Late one afternoon, during a wild lightning storm, I sat on the front porch at Fish Hooks watching the Green Turtle Cay ferries come and go. Disproving the perception that everything here runs on “island time,” our ferry service is operated — in fair weather and foul — with near-military precision by captains who are unfailingly professional and pleasant.
Before the Green Turtle Ferry service was founded during the 1960s by island resident Harold Lowe, travel options to and from Green Turtle Cay were limited. Aside from private vessels, and the seaplanes that serviced the island for a brief period in the 1950s, the sole mode of transportation was a twice-monthly mail boat which transported mail, freight, livestock and passengers between Nassau and Green Turtle.
When Harold Lowe moved to the U.S. in the early 1970s, his brother, Floyd Lowe, purchased and expanded the ferry service.
Today, the Green Turtle Cay ferries are operated by Mr. Floyd’s sons Nigal and Larry, his grandsons Troy and Josh, and grandson-in-law, another Josh. Nigal’s wife, Ann, and our neighbour, Eileen (whose husband Curtis served as ferry captain for more than four decades) work behind the scenes, fielding calls from passengers and coordinating pickups and drop offs.
More than just a quaint mode of transportation for tourists, the Green Turtle Ferry service provides a vital link to Abaco mainland and the world beyond.
Since there’s no high school on the cay, sleepy teenagers catch the ferry each morning to attend school on the mainland. Many Green Turtle Cay residents commute daily to and from the mainland for work.
Along with passengers, the ferries transport groceries, mail, small freight items, plants and (as a charter) human remains. Even the bank – in reality, a few tellers with a suitcase of money and several heavily armed guards – arrives each Thursday by chartered ferry.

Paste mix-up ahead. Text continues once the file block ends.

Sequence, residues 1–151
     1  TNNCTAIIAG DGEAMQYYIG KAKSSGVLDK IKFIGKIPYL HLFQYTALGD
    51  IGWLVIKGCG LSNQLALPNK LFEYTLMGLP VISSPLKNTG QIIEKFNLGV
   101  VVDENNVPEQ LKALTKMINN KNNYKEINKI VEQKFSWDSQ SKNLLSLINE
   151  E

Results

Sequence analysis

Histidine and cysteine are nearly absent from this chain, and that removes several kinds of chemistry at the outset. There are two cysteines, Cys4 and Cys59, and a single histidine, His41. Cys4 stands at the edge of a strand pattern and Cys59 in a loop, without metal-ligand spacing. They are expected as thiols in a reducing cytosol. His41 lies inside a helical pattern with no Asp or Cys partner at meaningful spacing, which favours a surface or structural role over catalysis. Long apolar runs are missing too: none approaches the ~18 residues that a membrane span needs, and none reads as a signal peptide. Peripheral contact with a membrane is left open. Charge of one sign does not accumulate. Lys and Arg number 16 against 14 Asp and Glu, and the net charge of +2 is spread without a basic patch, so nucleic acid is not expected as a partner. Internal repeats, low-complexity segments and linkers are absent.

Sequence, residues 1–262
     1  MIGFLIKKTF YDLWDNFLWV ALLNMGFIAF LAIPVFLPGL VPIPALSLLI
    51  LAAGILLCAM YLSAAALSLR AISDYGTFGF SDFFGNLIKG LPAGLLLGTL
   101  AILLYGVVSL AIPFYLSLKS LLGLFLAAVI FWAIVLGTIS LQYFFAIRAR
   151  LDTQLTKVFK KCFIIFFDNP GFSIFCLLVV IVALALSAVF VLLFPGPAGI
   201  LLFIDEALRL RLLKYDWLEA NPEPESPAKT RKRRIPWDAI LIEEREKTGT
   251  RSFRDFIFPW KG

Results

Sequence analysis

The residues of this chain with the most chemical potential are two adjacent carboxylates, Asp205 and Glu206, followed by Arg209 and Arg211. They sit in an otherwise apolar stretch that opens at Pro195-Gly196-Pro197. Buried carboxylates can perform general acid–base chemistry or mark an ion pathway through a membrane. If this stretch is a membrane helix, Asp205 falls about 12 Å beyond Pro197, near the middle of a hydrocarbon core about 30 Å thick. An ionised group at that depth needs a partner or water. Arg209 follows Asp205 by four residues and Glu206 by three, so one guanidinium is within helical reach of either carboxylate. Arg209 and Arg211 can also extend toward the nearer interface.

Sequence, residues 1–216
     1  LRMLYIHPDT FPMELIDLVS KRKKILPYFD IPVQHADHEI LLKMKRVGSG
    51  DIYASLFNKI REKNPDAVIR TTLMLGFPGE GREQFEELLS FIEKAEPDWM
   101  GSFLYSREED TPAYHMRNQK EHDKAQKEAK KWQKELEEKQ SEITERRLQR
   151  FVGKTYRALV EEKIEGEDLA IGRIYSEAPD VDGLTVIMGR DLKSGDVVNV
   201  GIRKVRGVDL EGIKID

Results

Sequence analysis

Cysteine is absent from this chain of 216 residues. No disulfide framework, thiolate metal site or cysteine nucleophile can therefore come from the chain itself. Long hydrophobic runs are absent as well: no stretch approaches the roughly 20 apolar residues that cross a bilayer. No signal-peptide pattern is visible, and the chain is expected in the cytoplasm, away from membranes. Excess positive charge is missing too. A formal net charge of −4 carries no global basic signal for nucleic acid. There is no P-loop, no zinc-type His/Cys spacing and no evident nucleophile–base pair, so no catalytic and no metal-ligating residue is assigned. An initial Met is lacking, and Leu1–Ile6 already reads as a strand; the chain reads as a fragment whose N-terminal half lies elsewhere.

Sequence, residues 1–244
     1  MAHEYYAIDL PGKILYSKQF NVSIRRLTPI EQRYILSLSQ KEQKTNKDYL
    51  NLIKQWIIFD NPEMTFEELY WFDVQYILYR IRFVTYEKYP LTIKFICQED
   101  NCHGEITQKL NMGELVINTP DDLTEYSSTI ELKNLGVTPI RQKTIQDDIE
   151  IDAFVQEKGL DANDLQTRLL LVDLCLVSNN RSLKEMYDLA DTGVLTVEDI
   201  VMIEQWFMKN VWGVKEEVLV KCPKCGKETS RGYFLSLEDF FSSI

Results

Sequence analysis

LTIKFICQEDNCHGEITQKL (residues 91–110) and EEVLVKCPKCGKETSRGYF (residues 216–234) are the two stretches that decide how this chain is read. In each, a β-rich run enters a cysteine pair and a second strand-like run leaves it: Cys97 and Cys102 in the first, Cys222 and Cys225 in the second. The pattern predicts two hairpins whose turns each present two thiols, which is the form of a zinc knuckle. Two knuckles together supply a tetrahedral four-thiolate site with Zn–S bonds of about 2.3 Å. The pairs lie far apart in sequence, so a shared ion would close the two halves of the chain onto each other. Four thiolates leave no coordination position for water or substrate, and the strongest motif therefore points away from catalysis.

Ferry rides are usually fun — they’re great opportunities to catch up with our island friends and the latest local news. In 2011, however, Tom and I had a nerve-wracking trip we’ll never forget.
During our dog Wrigley’s first visit to Abaco, he took a nasty spill from a moving golf cart. He was clearly injured and going into shock.
Since the nearest vet is in Marsh Harbour on the Abaco mainland, I called to ask when the next ferry would depart. The 9:00 a.m. had already left, I was told. There wouldn’t be another until 11:00 a.m. I explained what had happened with Wrigley and asked if we could charter a ferry.
The kind woman at the other end asked me to hold a moment. When she came back on the line, she said we wouldn’t need to incur the expense of chartering. The 9:00 a.m. ferry was turning around to come and get us.
Not 10 minutes later, the ferry pulled up to the dock at Roberts’ Cottages, where we were staying at the time. Thanks to the vessel’s captain, Nigal Lowe, we had our poor pup on the vet’s examining table less than 90 minutes after his fall.
Fortunately, Wrigley suffered no major or permanent injuries. But we’ll always remember how understanding and helpful the ferry folks were that day.
For more information, including current fares and schedule, visit the Green Turtle Ferry Service’s website, or call (242) 365-4166 or (242) 365-4128.
5 thoughts on “The Ferries Beside Our Little House”
so wonderful to hear more history of my family (Lowes)
Thanks for your note, Toni. There’s lots more where that came from. 🙂 If you can, try to get a copy of Floyd Lowe’s book, A Man of Many Firsts. Lots of great information in it about himself and his extended family.
Proud to say that my son … Josh Pinder… The “grandson in law”…. Is part of this family!
And a great addition to the team, Patricia! 🙂
I had wonderful experience this last trip in May. Excellent service!